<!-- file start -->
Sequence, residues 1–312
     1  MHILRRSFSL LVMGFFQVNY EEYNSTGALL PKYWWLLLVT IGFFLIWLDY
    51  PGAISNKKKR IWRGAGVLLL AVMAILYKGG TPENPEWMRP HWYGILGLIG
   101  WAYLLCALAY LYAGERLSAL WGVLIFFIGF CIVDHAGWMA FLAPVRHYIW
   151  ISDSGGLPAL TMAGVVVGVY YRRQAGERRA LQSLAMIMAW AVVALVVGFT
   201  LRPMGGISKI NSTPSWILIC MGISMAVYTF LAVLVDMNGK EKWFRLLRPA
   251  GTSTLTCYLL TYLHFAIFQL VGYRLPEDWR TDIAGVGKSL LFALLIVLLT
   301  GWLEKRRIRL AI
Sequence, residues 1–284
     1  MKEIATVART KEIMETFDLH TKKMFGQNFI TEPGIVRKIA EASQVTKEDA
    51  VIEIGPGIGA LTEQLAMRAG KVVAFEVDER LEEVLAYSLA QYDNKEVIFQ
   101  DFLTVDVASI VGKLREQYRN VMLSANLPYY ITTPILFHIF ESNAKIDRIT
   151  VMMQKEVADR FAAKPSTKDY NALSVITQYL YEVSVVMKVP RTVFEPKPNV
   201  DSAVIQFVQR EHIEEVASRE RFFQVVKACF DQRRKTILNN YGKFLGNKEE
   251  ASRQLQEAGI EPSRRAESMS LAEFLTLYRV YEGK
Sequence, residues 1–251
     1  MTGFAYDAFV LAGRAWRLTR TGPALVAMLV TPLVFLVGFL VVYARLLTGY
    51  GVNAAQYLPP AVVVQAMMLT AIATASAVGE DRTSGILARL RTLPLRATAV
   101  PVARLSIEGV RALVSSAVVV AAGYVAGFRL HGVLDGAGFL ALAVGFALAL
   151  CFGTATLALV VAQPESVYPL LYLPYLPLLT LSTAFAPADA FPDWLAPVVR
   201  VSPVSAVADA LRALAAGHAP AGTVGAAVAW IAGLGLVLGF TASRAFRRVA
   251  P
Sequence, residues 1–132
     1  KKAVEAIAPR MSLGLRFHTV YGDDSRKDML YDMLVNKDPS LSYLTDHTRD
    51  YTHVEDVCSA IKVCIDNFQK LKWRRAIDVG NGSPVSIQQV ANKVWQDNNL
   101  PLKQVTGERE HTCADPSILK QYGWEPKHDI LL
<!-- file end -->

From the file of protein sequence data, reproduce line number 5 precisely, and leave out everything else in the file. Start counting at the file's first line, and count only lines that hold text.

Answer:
   151  ISDSGGLPAL TMAGVVVGVY YRRQAGERRA LQSLAMIMAW AVVALVVGFT